Reviews Column 64: Progressive Folk

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A triumvirate of female talent hogs the latest folky headlines, each member sure to hasten the feeling of springtime.

Come Home (Egg Boy) is the latest offering from Marie-Claire Berreen & Her Husbands, as she calls her Midlands-based playmates, and it’s a thing of considerable elegance. The follow-up to 2012’s Box And A Ribbon, the album arrives on a sea breeze, as gulls and ocean sounds usher in the delicate, acoustic and beautifully harmonised title song. Songs such as Fury Of The Storm are redolent of dramatic weather, stunning countryside and precious wildlife, illustrated with contemporary instrumentation that lends immediacy and mainstream potential. Berreen’s striking vocals sit gracefully in a thoroughly accomplished set that’s played and recorded with meticulous care. But perhaps best of all, with its hypnotic riff, is the admirably-titled The Owls Are Not What They Seem.

Kelly Oliver is a swiftly-rising name on the folk scene. Her 2014 debut This Land was a statement of intent that boasted a guest appearance by the formidable fiddler Dave Swarbrick, and her new release Bedlam (Folkstock) further strengthens her case. It’s an enchanting showcase for the Londoner’s cultivated voice and a penchant for some Irish heritage inherited from her paternal grandmother, notably on the single Miles To Tralee.

Emma McGrath recorded and self-released the single Sit With Me at the age of just 15, when she also won trade body the PRS Foundation’s inaugural Lynsey de Paul Women In Music prize for female songwriters. The remarkably mature performance of a haunting song makes a nonsense of her tender years, and the achievement is all the greater in that it was produced by Lauren Deakin Davies, a veritable old stager by comparison at 20. Now we keenly anticipate McGrath’s next EP.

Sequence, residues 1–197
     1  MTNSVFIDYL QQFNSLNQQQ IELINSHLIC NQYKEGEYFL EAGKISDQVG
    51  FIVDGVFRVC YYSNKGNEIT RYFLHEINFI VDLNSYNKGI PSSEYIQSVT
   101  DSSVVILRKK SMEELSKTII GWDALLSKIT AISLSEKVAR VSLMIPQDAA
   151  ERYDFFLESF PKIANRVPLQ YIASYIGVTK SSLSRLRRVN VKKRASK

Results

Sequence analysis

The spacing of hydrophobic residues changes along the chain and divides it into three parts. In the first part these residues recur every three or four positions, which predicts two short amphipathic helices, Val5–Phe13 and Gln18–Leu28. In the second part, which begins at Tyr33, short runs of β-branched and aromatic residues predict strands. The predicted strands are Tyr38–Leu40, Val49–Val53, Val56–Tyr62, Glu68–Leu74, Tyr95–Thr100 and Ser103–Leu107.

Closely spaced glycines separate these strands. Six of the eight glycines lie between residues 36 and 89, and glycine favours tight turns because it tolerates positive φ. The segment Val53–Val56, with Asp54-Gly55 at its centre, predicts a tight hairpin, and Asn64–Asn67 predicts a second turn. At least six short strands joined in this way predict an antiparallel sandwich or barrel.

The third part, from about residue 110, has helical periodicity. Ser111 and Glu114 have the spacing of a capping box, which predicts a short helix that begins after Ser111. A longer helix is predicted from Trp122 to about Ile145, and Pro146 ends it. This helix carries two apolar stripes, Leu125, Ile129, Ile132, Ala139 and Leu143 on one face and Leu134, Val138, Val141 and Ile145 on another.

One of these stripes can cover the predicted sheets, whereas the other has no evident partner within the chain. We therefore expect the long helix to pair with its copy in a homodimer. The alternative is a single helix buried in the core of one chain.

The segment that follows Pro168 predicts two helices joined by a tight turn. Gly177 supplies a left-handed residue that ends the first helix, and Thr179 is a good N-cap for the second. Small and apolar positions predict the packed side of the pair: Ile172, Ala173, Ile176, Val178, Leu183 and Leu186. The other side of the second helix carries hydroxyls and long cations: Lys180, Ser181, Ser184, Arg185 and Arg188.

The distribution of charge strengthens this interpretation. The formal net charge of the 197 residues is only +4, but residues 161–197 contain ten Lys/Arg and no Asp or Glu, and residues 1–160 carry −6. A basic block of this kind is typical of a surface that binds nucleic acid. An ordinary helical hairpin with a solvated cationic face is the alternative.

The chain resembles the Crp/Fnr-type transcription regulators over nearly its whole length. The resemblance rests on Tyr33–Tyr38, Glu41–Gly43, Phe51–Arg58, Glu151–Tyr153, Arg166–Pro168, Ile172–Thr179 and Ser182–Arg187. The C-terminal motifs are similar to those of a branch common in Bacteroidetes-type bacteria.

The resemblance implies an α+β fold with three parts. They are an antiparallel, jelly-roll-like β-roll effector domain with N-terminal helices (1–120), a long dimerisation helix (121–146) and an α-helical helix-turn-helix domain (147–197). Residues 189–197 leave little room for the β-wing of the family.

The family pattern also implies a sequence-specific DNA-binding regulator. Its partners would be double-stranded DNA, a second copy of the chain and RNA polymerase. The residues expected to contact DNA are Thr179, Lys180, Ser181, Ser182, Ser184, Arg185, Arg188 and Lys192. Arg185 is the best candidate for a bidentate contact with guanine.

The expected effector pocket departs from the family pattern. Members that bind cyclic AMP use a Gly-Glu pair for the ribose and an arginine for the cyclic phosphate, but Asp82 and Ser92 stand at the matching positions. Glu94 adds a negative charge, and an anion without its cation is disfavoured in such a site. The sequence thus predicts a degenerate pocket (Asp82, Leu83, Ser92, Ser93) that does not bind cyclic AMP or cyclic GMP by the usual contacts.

But the ladies don’t have it all their own way this month. Jack ArthursTreasure House is out on the ever-interesting label Bad Elephant, and it proves there can still great potency in the simple vocal and acoustic guitar configuration, when the songs have broad enough shoulders. Its 10 tracks, including the driving Change Your Mind and more reflective Feel Your Pain, put Arthurs’ voice front and centre of a strumming setting.

To end with a giant of the format, Bert Jansch’s 1978 album Avocet was the much-missed troubadour’s own favourite of his recordings, and makes a welcome, remastered reappearance on Earth Recordings. Recorded in Copenhagen, its focal point is the episodic and enchanting 18-minute title track that opens the work. Throughout, Jansch weaves his familiar nimble-figured magic on both guitar and piano, accompanied by former Pentangle confederate Danny Thompson’s weighty double bass and haunting violin figures from the late Martin Jenkins. Each track is named for a bird, Lapwing a brief but lovely piano sketch, while Bittern has something of a prog jazz ambience, experimental but still tranquil.